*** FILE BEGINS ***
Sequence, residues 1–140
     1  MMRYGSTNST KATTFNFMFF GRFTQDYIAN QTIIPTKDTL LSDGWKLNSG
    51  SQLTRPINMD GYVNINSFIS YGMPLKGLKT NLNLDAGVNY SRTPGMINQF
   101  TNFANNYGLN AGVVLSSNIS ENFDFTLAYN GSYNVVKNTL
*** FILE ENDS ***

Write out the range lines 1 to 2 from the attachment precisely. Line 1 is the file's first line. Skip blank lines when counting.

Sequence, residues 1–140
     1  MMRYGSTNST KATTFNFMFF GRFTQDYIAN QTIIPTKDTL LSDGWKLNSG